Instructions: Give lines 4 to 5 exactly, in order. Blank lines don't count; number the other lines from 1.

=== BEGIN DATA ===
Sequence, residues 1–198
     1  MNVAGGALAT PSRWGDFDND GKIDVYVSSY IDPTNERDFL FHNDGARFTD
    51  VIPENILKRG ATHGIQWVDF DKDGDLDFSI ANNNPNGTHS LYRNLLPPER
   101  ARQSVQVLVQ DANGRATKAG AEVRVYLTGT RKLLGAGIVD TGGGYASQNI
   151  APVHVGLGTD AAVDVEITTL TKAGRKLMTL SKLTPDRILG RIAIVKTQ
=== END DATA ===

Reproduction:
   101  ARQSVQVLVQ DANGRATKAG AEVRVYLTGT RKLLGAGIVD TGGGYASQNI
   151  APVHVGLGTD AAVDVEITTL TKAGRKLMTL SKLTPDRILG RIAIVKTQ